After a custody has been set, it is very difficult to modify. In general, absent an agreement otherwise, a motion to modify custody may not be brought until a year has passed since the initial custody determination. If there has been a motion to change custody, the parents must wait two years before filing another motion to modify custody. However, this restriction does not apply if the court finds that there is persistent and willful denial or interference with visitation, or has reason to believe that the child’s present environment may endanger the child’s physical or emotional health or impair the child’s emotional development.
A party seeking an endangerment-based modification of custody must show:
(1) the circumstances of the child or custodian have changed since the existing custody order was filed;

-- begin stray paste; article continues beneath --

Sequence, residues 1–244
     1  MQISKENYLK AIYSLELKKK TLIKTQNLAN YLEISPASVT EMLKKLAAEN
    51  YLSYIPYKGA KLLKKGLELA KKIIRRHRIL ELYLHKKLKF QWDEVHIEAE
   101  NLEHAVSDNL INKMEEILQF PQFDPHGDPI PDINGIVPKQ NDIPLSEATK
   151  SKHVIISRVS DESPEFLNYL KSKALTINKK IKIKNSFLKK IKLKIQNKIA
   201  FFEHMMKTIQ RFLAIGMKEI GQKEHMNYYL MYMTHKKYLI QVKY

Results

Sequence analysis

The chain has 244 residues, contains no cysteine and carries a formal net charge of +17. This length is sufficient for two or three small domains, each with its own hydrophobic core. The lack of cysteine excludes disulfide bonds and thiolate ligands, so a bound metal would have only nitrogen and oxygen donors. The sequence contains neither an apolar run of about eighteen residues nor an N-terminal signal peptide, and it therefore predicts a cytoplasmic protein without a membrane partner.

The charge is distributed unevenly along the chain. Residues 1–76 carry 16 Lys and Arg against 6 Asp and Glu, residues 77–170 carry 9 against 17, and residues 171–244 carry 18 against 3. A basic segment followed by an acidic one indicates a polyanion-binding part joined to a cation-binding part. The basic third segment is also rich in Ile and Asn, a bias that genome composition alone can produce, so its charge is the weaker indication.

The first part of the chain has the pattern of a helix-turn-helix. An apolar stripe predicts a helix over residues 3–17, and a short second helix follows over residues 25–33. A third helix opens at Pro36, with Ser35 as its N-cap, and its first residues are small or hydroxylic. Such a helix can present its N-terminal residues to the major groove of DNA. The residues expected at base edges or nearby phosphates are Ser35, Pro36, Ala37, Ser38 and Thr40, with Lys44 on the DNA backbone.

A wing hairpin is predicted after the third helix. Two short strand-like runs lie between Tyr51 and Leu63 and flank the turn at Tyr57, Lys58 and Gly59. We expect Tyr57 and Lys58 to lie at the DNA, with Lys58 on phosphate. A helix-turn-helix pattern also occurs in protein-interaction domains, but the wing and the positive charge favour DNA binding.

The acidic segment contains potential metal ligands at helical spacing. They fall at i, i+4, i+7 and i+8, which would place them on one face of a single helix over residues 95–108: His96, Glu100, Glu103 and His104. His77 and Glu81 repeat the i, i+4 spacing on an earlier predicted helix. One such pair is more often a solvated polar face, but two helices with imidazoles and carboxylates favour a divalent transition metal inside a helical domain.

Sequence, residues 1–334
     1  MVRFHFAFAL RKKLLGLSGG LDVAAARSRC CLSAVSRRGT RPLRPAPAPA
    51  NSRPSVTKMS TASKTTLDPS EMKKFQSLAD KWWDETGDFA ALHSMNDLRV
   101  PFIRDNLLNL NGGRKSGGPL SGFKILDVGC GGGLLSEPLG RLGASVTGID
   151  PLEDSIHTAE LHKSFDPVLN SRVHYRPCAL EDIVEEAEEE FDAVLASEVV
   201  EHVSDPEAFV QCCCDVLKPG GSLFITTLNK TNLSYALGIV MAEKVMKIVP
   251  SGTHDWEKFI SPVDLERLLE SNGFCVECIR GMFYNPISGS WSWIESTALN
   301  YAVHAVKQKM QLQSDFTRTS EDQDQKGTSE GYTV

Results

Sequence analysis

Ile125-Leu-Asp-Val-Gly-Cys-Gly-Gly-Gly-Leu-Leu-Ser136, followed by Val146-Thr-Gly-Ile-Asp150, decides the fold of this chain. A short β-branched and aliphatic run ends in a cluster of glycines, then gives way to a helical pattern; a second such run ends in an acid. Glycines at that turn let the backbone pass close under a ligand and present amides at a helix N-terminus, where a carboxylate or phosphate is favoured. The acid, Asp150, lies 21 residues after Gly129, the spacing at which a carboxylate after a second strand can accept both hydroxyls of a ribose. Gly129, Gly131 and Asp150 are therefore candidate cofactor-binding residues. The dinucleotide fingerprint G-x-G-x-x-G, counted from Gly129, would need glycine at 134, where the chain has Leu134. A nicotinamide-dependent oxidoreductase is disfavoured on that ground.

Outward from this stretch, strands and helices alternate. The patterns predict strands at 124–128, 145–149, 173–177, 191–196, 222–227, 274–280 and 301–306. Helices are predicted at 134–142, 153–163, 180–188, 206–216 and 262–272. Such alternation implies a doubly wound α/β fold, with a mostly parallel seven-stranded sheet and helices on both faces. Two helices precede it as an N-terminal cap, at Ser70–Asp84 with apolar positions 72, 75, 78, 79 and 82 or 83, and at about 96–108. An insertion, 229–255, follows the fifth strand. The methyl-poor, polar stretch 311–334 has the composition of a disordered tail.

(2) modification would serve the child’s best interests;
(3) the child’s present environment endangers his physical health, emotional health, or emotional development; and,
(4) the benefits of the change outweigh its detriments with respect to the child.
Depending on the circumstances, custody may also be modified if a child has been integrated into the non-custodial parents home with the consent of the custodial parent. Any one of our experienced family law attorneys can help you navigate the custody process.